Beneath Our Changing Sky

by Test Valley Community Choirs

This album was created to present an anthology of songs from Hampshire sources, past and present, performed by local choirs. The performers are both community choirs from the Test Valley. The recording was carried out in the Church of St. Mary the Less, Chilbolton, nr. Stockbridge in Hampshire.



Local choirs play an important part in spreading local songs and keeping them alive. The project was sponsored by Test Valley Borough Council, Hampshire County Council, Traditional Arts Projects and Southern Arts. The performers are both community choirs from the Test Valley. The recording was carried out in the Church of St. Mary the Less, Chilbolton, nr. Stockbridge in Hampshire. The two choirs recorded here, the Andover Museum Loft Singers and the Broughton Village Choir, are both situated in the Test Valley district of Hampshire , between Andover and Romsey and usually perform for seasonal and other occasions in their own communities. They have developed a style of harmony which owes much to old traditions, both secular and sacred. Arrangements, either three- or four-part, echo the style of West Gallery church music, with its fugues, canons and responding phrases. Influence can also be heard from harmony singing exemplified by rural traditions stretching from the Copper family of Sussex to the Keld singers of Swaledale. All the songs on the album have close connections with Hampshire.

The Faithful Plough
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Fathom the Bowl
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The Labouring Man
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The Farmers Arms
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Home Lads Home
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Two Brethren
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The Barleycorn Carol
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When This Old Hat Was New
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The Banks of the Sweet Primroses
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The Streams of Lovely Nancy
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Young Edwin in the Lowlands
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The Night Visiting Song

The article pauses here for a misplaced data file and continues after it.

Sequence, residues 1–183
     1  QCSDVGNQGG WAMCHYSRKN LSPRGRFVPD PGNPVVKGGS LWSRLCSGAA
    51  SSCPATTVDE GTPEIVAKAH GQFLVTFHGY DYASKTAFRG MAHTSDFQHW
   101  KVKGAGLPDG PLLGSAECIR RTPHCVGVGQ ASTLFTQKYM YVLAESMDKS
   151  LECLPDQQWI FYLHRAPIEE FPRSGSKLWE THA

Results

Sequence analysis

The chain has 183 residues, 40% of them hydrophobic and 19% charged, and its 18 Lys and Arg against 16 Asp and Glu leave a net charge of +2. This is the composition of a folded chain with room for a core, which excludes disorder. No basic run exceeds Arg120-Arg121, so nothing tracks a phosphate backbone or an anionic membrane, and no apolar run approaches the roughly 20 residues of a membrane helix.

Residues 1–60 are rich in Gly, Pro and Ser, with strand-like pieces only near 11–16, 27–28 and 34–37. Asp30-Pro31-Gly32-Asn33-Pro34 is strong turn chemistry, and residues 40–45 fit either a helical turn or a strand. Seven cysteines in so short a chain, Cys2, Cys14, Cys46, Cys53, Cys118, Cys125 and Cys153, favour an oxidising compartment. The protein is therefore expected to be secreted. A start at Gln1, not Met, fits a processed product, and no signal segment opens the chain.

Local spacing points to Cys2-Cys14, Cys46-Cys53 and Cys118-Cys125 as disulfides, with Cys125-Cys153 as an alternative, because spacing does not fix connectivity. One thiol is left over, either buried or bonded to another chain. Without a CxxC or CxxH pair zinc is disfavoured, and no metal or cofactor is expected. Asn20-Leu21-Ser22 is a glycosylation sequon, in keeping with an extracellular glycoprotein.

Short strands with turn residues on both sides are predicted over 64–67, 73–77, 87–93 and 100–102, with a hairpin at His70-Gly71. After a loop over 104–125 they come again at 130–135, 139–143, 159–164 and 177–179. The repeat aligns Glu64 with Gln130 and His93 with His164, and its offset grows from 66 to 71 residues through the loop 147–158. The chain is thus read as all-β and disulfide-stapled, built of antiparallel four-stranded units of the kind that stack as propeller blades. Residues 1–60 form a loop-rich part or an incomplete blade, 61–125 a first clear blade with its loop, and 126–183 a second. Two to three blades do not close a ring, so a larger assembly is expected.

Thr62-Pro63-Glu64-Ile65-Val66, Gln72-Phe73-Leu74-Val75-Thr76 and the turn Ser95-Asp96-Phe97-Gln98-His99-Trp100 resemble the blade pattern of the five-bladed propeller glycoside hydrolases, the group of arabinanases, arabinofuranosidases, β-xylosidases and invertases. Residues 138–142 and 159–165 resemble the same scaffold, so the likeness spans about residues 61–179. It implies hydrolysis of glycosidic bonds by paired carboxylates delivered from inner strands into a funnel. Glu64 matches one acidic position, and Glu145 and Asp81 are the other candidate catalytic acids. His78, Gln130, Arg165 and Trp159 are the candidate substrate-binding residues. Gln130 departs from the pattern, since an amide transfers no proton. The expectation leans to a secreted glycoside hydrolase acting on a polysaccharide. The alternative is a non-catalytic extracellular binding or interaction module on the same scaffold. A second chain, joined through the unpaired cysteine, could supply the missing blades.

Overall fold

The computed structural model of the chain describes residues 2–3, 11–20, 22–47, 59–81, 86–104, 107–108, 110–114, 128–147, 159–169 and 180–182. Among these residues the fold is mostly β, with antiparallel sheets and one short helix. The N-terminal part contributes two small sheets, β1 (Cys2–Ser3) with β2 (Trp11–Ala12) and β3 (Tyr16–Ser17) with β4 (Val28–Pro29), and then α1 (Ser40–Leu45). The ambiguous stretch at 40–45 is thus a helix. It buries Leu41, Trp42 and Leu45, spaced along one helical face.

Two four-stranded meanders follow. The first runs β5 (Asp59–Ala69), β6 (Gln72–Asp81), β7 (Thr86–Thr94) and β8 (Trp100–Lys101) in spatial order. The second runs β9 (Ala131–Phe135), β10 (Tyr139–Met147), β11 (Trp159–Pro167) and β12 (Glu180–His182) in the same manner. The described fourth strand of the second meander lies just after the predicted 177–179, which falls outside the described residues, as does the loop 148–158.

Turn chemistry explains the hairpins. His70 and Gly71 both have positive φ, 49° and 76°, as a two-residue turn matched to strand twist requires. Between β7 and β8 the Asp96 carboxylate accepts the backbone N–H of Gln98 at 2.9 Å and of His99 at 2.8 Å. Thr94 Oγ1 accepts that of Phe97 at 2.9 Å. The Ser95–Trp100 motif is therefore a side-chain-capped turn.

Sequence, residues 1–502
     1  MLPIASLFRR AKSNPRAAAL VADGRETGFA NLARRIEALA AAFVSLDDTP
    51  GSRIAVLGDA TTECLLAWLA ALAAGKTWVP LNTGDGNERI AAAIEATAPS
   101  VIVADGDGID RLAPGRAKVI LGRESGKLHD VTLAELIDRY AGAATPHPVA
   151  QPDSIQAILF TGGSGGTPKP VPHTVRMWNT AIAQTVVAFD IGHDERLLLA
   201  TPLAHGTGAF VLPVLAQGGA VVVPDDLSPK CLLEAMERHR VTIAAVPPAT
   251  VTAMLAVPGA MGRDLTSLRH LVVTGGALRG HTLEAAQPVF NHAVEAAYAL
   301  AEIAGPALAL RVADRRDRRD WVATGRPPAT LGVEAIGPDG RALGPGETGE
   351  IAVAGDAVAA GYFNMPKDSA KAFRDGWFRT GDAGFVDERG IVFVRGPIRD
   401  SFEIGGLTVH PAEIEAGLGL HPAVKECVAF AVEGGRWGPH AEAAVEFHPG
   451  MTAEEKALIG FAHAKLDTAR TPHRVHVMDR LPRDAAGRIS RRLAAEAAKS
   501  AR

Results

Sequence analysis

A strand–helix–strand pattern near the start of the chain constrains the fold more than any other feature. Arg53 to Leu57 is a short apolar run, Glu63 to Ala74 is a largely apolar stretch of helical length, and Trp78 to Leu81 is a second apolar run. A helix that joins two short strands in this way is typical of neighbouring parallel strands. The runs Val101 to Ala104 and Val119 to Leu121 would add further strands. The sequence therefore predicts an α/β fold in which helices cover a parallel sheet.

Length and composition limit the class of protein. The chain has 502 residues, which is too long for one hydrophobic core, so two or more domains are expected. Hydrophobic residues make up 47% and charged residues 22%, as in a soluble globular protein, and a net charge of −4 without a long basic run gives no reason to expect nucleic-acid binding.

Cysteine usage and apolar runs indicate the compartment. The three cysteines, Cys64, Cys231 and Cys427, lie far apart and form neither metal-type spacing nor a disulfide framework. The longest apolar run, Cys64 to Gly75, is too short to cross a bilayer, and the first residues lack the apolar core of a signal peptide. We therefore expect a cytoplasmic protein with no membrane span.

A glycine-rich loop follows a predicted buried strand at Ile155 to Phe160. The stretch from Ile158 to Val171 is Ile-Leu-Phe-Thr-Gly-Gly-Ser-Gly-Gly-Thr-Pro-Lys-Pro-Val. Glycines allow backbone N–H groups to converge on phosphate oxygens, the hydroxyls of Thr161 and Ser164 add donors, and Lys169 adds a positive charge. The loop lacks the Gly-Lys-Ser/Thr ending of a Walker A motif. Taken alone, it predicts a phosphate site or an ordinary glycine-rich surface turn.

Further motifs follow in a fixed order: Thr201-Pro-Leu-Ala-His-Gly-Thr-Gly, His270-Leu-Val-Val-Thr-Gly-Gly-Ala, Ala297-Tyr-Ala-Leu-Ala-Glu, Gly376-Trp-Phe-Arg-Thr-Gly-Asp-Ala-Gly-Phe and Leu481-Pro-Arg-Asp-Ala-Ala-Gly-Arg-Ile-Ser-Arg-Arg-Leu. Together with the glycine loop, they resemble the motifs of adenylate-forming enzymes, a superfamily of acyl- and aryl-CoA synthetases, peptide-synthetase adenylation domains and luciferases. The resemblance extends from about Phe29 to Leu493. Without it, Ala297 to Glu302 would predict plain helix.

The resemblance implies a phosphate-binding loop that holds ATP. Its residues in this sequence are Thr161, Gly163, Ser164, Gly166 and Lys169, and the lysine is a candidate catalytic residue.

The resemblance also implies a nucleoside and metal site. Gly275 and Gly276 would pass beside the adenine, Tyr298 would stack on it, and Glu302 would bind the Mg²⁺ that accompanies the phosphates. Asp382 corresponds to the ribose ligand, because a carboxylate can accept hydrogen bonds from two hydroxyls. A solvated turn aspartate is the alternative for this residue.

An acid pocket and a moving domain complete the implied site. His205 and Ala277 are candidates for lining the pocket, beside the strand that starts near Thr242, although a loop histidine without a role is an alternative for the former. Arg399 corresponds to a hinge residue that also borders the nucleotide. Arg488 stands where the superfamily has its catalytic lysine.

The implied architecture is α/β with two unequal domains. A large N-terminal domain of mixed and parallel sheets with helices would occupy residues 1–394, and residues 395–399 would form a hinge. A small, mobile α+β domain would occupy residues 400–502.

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Awake
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Beneath our Changing Sky
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Lights and Virtues
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Folkwrite

Gwilym Davies

Being a Hampshire Hog by birth, this CD had an immediate resonance with

me. Roger Watson, under the auspices of TAPS, has put together choirs

from Broughton and Andover to perform unaccompanied arrangements of

various folksongs, some well known, others less so. The result is a

pleasant record for listening, performed with obvious enthusiasm on the

part of the singers. There is more than a touch of West Gallery about

the sound and one of the most successful tracks is a local WG hymn

Awake, Behold. Home, lads, Home, with its mention of Hampshire villages,

is particularly good, as is Roger Watsons Nativity song around the

theme of John Barleycorn. There are a few niggles - some of the

arrangements are over-fugued and lose the tune, and the enunciation

smacks of the church choir rather than folksong. However, these are

minor quibbles. The CD represents 45 minutes of good listening and a

good model for other community choirs.  

       

 

fRoots

David Kidman

This enchanting new release from the Hampshire?based WildGoose label presents an anthology of songs from Hampshire sources, past and present, sung by community choirs from the Test Valley district (between Andover and Romsey)... who play such an important part in spreading such songs and keeping them alive. The choirs in question are the Andover Museum Loft Singers and Broughton Village Choir, both around 20 strong but each quite different in character. The recording was made in the Church of St. Mary the Less at Chilbolton, and has captured the vocal nuances and potentially awkward internal balance very well. Led by Traditional Arts Projects artistic director Roger Watson, these choirs have developed a style of  harmony which owes much to old traditions both secular and sacred.

Arrangements, either in three or four parts, echo the style of West Gallery church music, with its fugues, canons and responding phrases. Parts are not allocated to gender, but chosen by the singers for range, balance and preference. The track listing contains a number of items that are familiar to those frequenting singers clubs ? Fathom The Bowl, The Farmers Arms ?though the fulsome arrangements and distinctive stylings may not be to everyones taste. Particularly on first acquaintance, some (The Faithful Plough, Home Lads Home for instance), may seem just a little rarefied, deliberate or precious, having the effect of smoothing out the sentiment to an extent, while others may seem a little stiff or formal or self?consciously arty. Others (such as The Labouring Man and Barleycorn Carol) which have a more immediately accessible energetic quality, may thus more readily appeal. The title track, by the way, very affectingly sets a lyric created by Wherwell children to a traditional melody.

Certainly, the key to appreciating these vital performances is to listen with fresh ears and jettison preconceptions, so that you can greet old friends in new clothes as it were.